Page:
USC’s Global Medicine Students Share a Day in the Life with Floating Doctors: Part 1

Medical Volunteer Opportunities Abroad

This past summer we had a number of amazing student groups join us in Panama. One of those was from the Master of Science in Global Medicine program at USC. A couple of the students from that group were willing to share their experience with us. Today I have the pleasure of introducing you to Natalie Reyes.

-Kim Olpin
Operational Manager
Adorable Ngobe girl from the village of Cerro Brujo
Adorable Ngobe girl from the village of Cerro Brujo

Traveling to Bocas del Toro, Panama to work with the Floating Doctors team has been one of the most humbling and eye-opening adventures of my life. I have always had a passion for working with under-served populations that have limited healthcare access, however, actually being there on these islands with the indigenous populations was a much more gratifying and awakening experience than I could ever have imagined. The amazing personalities of the doctors, volunteers, and villagers that I got the opportunity to work with truly remind me of the reason I have such a strong passion for medicine and reflect the environment I hope to be surrounded by.

Clinic Day

The experience that Floating Doctors exposed me to on my first day of clinic on the islands taught me so much medically and culturally and allowed everyone within our group to find our own niche within the different roles necessary for a successful clinic. After traveling on a boat bringing all of our medical supplies, we arrived at the community of Cerro Brujo and I was pleasantly enlightened to be greeted by many of the village’s children who could not be more eager and excited to follow us around and talk to us. While many stayed to set up the clinic outdoors, I followed two of the young boys who took me around the entire villaeg, finding houses to let the mothers know we were having a free medical clinic in “el ranchito,” in the central part of the village. I was in complete awe at how rural and isolated these people were from the society I am used to in the United States. Seeing how eager and sweet the children are is an experience worth more than words or photos can reflect. Despite hearing stories of past experiences and being aware of what to expect on the islands, I was surprised by the culture shock I experienced. The villager’s barefoot, simplistic lifestyle was such a difficult,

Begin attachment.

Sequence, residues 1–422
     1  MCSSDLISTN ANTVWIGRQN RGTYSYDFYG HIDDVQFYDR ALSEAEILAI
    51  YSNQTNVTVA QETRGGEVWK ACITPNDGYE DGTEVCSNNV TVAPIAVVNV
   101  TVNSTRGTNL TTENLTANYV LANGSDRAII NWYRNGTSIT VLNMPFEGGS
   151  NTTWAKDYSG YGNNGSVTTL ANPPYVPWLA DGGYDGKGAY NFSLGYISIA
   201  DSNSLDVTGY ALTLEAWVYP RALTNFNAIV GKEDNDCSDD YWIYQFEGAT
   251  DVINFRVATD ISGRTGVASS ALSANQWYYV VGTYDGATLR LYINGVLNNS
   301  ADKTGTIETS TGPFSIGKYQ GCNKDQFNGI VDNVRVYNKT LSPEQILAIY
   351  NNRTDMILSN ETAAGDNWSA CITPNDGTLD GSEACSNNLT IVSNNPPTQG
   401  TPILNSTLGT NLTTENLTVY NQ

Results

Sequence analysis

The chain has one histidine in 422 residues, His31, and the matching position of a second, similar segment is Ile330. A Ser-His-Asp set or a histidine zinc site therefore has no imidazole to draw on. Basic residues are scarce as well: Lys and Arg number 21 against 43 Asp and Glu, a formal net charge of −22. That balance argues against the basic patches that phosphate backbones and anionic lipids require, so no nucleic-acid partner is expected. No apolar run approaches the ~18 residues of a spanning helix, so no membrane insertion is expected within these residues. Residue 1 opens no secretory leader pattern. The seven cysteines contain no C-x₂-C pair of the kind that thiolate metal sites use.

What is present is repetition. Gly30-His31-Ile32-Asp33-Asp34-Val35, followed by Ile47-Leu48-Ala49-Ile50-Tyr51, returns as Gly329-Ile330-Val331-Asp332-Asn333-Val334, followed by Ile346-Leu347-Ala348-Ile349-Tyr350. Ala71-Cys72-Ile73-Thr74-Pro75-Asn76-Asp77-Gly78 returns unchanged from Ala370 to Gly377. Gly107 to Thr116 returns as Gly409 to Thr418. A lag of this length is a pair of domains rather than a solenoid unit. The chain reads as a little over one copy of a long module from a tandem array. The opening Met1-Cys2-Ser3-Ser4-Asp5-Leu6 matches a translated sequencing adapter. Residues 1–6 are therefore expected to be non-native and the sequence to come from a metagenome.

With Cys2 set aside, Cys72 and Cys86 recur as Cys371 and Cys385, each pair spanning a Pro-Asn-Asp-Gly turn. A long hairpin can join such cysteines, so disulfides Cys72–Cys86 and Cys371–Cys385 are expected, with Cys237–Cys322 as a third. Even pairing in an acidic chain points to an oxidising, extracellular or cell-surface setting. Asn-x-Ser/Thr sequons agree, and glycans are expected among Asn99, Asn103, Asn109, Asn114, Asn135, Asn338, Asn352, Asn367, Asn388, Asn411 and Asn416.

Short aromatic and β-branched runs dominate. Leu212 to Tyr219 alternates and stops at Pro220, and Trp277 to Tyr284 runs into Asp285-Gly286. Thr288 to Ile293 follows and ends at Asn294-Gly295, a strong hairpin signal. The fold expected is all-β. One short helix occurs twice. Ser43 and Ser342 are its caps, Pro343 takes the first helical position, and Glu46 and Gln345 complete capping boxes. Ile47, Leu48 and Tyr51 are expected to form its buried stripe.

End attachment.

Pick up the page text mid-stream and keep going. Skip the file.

USC Professor Dr. Meindl-Holman treating a Ngobe mother and her young son.
USC Professor Dr. Meindl-Holman treating a Ngobe mother and her young son.

yet inspiring concept for me to understand. I enjoying being able to get to know entire families during intake and I learned so much from being able to shadow the variety of doctors and medical students throughout the clinic day. It was unreal being able to bring an ultrasound machine into the village and show expectant mothers their child. In one particular instance, we were able to show a mother the heartbeat of her child on the ultrasound screen in the middle of an outdoor, crowded, rural “ranchito” and that is a memory that I will keep with me throughout my medical career.


The ability to practice medicine and help people in the absence of modern day access to technology and hospitals is completely remarkable. Regardless how much time and passion I put into volunteering and immersing myself in the culture of these people, what they taught me and the experience they gave me is worth more than anything I can ever give back to them. I truly thank Floating Doctors for giving me such an opportunity and look forward to returning in the future!

-Natalie Reyes


USC Global Medicine student Natalie Reyes (back row, second from the left) poses with other students, USC Professor Dr. Meindl-Holman, and some local children showing off their new toothbrushes.